2. BOWERBIRD: dear performance poets-you're invited to come and perform at

***** nap jam two *****the north american poetry jam, a 4-night explosion of performance poetry. unlike slam, where the central focus is competition, jam has _cooperation_ as its organizing principle. jam is a performance poetry showcase,

a videoshoot, and a big party, all rolled into one. the next jam is from september 21-25, 1998, at the "plaza" hotel, in downtown las vegas.

for an online version of the jam "manual", which contains all the info you'll need, visit <http://users.aol.com/bowerbird>. because of the las vegas location, we've got a great rate of $40 per room, double occupancy, so that's just $20 per person per night, $80 for all 4 nights.


3. GULF COAST PUBLISHING COLONY (12/27/98-1/3/99): Call for Entry. Ten

selected writers to join poet/editors, Susan Bright and Margo LaGattuta, for 7-day intensive, collaborative publishing colony on beautiful Texas Gulf coast resulting in publication of the 17th Plain View Press New Voices Series anthology, a national showcase for American writers and issue-based literary work. Send 15-20 pages by Nov 15: Plain View Press, P.O. 33311, Austin, TX 78764. Inquiries: Susan Bright,

512-441-2452 (sbpvp_at_eden.com), Margo LaGattuta, 810-693-7344

(lagapvp_at_aol.com.) Follow New Voices Series link:


Reading Fee: $10.


"Next to the Last Word" the 15 collection of poetry by Susan Bright will be released in Dec. of 1998. Reading schedule to follow. To arrange for readings call: 441-2452.

4. From Ernest Slyman:

"Might wish to stop by Reverie and post a note on your zine. It's free. Can also affix a link back to your site. Reverie is an open forum devoted to encouraging the creative writer. It affords a meeting place between publishers of zines and writers new and established.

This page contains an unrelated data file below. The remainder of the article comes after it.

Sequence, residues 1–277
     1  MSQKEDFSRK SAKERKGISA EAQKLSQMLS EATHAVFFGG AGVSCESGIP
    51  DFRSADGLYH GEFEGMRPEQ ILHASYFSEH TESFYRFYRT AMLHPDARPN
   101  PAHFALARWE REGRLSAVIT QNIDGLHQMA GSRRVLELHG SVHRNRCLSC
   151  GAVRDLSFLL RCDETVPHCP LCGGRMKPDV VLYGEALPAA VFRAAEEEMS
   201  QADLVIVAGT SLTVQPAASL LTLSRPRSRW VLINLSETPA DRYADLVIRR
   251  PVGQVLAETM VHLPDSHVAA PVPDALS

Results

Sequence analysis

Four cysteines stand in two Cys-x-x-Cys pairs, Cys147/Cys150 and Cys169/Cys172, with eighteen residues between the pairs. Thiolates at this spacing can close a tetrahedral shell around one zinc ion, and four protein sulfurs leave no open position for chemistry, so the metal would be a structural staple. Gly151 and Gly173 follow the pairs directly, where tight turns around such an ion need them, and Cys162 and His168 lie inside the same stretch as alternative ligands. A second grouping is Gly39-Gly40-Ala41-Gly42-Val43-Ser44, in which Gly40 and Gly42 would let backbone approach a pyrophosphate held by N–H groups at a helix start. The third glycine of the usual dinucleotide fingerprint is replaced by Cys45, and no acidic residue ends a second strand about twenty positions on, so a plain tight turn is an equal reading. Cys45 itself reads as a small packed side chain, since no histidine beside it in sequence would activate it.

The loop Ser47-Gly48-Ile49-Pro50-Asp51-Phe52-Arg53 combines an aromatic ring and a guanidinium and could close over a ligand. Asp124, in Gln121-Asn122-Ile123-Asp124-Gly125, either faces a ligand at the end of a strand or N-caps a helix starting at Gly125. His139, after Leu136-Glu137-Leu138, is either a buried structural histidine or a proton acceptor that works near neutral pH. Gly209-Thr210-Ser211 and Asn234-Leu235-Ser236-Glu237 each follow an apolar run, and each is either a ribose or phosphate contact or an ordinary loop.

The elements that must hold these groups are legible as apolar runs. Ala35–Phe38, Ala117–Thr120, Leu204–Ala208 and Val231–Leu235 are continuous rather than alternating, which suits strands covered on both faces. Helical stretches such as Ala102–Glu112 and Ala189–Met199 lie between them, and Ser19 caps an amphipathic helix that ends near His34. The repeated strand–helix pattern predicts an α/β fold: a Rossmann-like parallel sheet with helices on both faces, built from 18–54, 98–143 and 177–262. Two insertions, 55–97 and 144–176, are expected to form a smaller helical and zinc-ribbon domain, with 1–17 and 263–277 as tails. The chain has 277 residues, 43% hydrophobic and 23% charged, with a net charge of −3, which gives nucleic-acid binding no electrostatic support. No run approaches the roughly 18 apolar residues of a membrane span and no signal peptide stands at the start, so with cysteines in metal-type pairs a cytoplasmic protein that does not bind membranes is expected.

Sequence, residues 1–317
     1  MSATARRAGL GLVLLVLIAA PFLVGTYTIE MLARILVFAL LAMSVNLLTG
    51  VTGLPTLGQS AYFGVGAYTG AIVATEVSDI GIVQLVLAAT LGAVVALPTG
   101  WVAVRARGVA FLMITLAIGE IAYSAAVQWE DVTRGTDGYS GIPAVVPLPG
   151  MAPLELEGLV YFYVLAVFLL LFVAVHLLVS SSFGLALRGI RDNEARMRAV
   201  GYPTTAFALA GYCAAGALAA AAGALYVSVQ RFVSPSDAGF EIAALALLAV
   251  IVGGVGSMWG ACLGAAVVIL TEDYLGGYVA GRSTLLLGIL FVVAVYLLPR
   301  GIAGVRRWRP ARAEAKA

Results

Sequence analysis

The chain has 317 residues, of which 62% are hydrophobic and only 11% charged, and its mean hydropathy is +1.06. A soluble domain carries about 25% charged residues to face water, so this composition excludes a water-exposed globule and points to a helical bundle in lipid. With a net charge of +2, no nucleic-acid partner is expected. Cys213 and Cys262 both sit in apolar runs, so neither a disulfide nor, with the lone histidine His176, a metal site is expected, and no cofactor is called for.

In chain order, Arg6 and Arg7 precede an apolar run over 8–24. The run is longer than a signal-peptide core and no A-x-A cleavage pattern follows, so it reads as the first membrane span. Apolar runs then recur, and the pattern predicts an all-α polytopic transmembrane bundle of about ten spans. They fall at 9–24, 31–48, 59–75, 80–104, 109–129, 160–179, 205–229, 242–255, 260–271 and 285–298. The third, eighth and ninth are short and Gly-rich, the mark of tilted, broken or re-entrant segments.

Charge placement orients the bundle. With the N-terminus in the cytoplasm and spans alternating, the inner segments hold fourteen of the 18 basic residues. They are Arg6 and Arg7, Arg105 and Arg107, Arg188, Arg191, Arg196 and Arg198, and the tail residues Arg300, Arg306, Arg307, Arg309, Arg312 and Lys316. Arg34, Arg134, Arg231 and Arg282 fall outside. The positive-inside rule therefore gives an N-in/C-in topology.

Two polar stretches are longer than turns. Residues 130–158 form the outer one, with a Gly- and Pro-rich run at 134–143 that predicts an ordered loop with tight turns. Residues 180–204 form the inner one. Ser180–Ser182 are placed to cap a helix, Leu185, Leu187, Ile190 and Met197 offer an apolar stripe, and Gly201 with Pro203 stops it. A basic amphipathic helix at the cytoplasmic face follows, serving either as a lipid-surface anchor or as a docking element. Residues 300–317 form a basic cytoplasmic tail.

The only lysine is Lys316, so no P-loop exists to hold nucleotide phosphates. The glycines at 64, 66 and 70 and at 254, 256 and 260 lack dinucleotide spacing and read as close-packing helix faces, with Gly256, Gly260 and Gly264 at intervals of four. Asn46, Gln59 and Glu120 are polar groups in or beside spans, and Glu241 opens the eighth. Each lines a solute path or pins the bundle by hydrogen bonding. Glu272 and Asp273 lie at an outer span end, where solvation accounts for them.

5. VonEnemy moves to the Dead End Street!

COMPANY PRESS RELEASE HOQUIAM, WA – August 26, 1998: Dead End Street Publications is pleased to announce the signing of VonEnemy, the highly regarded Los Angeles performance poet. His newest work, a collection with the working title "Cacophonic Vibes," will be available in early 1999.

6. " Hi Stazja,

sorry I have not been in contact for a while, art and life, life and art, work, party, you know how it is. I enjoy the newsletter, it makes me feel connected to happy memories of Austin. I really hope to make this years festival, I am trying hard to get some funding to get me on that big bird to the land of poetry and music.

Yorkshire has had a really bad summer. You want rain? we can send you lots and lots in exchange for a little bit of sunshine.

Much love to you and poets at large. Love Alex Krysinskixxx"

Slam Family Stuff